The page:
Maybe this last Sunday you were watching continuing coverage of the horrific terrorist attacks on Paris. Or perhaps, needing a break from the evil that humans too often inflict upon each other, you switched over to the Sunday night NFL game.
Regardless of why, you missed House Speaker Paul D. Ryan's appearance on 60 Minutes.
Click image to watch the CBS video.
That meant you also missed the former Republican presidential nominee and GOP budget guru sharing a few thoughts on tax reform. You're really kicking yourself now, aren't you?
No worries. Thanks to, or maybe curses on, the Internet, you can watch CBS News anchor Scott Pelley's interview of Ryan any time you have a spare 15 or so minutes.
A tiny bit of tax talk: But if you're just interested in the tax talk, which starts around the 9 minute, 20 second mark, here's the exchange:
Pelley: You have proposed having only two tax brackets, 10 percent and 25 percent. That still your position?
Ryan: Yeah, I've always liked that plan. And our tax code really punishes our small businesses, which is where most of our jobs come from. I mean, look, we're sitting here in Wisconsin, overseas, which to us means Lake Superior. You know, the Canadians are taxing their businesses at 15 percent. The top tax-rate on successful small businesses in America, here in Wisconsin, is 44.6 percent. How can you compete like that? How can you have jobs? How can working families get ahead with a tax system like that?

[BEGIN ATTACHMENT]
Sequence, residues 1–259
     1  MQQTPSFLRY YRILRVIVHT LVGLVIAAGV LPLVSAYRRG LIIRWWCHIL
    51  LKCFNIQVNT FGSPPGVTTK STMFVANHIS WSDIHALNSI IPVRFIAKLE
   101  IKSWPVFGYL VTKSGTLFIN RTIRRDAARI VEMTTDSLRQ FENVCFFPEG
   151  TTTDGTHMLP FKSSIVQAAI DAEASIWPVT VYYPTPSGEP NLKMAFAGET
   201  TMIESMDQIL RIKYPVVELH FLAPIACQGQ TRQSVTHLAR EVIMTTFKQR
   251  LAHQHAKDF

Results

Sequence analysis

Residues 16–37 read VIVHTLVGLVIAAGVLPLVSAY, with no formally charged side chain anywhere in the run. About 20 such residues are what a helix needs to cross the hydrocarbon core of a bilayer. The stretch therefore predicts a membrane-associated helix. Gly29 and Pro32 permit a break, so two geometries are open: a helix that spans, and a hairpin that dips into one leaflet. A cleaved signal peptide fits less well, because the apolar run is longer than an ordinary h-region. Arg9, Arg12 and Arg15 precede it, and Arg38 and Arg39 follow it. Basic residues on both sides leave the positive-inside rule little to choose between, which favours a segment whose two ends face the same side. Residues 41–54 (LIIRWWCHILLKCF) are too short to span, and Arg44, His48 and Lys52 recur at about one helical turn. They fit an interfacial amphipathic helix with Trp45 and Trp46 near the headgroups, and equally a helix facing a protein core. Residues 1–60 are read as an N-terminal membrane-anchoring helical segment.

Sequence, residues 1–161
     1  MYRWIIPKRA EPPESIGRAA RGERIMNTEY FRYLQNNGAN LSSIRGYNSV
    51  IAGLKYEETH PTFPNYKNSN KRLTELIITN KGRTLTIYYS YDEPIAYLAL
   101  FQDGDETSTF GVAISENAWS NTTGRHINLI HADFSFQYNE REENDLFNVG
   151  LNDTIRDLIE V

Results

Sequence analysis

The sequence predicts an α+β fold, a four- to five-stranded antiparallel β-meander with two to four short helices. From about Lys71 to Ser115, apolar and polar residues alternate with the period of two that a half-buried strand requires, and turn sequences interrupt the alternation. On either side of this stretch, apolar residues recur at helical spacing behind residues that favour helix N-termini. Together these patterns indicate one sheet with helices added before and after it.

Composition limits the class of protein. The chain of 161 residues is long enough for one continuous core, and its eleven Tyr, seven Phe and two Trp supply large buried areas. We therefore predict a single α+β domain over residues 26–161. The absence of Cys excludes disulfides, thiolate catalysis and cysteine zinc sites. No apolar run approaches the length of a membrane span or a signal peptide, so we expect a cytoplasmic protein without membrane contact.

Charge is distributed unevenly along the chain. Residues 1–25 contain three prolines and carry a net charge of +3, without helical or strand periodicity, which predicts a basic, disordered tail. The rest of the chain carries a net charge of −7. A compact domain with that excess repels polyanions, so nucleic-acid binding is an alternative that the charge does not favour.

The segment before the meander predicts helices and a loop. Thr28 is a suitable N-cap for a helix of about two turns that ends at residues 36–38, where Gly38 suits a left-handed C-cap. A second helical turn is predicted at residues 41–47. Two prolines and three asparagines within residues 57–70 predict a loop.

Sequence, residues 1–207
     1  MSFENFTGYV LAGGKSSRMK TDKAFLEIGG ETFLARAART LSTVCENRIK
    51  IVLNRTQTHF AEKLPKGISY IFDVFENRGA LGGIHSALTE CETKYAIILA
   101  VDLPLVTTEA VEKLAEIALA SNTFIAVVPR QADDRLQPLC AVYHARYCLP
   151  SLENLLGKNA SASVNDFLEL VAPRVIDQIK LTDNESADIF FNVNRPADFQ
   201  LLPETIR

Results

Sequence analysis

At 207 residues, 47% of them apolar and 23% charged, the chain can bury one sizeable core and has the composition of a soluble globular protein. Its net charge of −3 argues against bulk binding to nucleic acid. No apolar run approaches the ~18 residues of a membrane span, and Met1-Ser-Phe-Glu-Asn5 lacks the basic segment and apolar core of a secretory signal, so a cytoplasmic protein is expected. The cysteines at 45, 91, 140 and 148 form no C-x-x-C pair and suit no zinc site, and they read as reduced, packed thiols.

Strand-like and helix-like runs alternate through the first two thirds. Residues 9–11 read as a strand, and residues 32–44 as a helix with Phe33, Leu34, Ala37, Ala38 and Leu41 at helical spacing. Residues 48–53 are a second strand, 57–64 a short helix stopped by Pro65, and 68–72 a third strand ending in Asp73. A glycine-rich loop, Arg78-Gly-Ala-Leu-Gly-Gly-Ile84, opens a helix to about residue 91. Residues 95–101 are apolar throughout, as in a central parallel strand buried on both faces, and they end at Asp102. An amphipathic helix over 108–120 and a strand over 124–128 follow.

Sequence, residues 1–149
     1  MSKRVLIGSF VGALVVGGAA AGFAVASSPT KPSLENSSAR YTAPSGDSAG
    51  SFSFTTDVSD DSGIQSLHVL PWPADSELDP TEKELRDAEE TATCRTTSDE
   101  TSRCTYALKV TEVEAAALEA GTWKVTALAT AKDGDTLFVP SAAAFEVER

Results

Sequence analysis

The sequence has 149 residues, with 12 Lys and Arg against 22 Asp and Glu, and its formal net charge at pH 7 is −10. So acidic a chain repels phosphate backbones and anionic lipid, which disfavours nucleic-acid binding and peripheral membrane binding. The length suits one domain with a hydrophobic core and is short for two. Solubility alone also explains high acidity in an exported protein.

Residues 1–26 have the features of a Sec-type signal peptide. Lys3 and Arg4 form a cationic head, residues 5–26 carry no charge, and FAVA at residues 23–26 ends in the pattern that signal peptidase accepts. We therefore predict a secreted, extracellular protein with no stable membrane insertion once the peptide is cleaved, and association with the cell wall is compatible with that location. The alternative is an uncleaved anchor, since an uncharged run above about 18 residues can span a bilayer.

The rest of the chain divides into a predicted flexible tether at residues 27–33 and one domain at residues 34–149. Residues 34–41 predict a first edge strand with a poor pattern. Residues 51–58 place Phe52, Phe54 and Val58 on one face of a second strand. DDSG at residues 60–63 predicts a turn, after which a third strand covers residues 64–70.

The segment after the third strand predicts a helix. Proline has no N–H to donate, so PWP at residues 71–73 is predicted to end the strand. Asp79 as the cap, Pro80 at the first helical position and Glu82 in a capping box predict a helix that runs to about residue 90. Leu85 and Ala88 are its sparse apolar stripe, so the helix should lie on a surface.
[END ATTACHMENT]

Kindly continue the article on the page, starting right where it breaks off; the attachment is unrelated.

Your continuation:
Pelley: Give me three things you would do on tax reform. Very specifically.
Ryan: Well, I'd simplify the code dramatically. I would collapse the rates down to two or three. And I would change the way we tax ourselves internationally, so businesses can take their money and bring it back home so American businesses stay American businesses. And we have to drop our rates on our businesses. I think those three things right there are what I would do.
Corporate tax reform first: As Ryan's brief comments indicate, he's leaning toward corporate tax reform right now. That meshes with the conventional wisdom that there's more bipartisan consensus that business taxes need to be dealt with first. Even President Obama has said he would like to revise our corporate tax system.
And rewriting at least a part of the tax code is one area where Ryan hopes the Administration and Capitol Hill can find some common ground. Ryan says he can work with Obama; "He's my president, too," says the new Speaker.
We shall see how long this bonhomie -- Ryan says that since he took the House gavel, he and the prez have talked a few times, about substantive issues, as well as the difficulties fathers of teenage daughters face -- lasts.
Ryan's future: One other interesting tidbit from the 60 Minutes spot was Ryan's discussion of his political future.
His father, grandfather and great-grandfather all died in their 50s. Ryan, who will turn 46 next January, says that has made him more fully appreciate how short life can be.
Maybe that's why, as he told Pelley, before the House Speaker opportunity fell into his hands, Ryan had planned to serve out his term as Ways and Means chairman and then find "something else to do with my life."
When asked specifically by Pelley whether than meant leaving the Congress, Ryan answered, "well, yeah."
He says he has no plans beyond his current term as U.S. Representative of the 1st Congressional District of Wisconsin. But if he can corral the Tea Party faction of his Republican party and reverse the public dismissal of this so-called do-nothing Congress, he might stick around for a while.
Congressional accomplishments could be a nice foundation from which to launch a 2020 presidential campaign.
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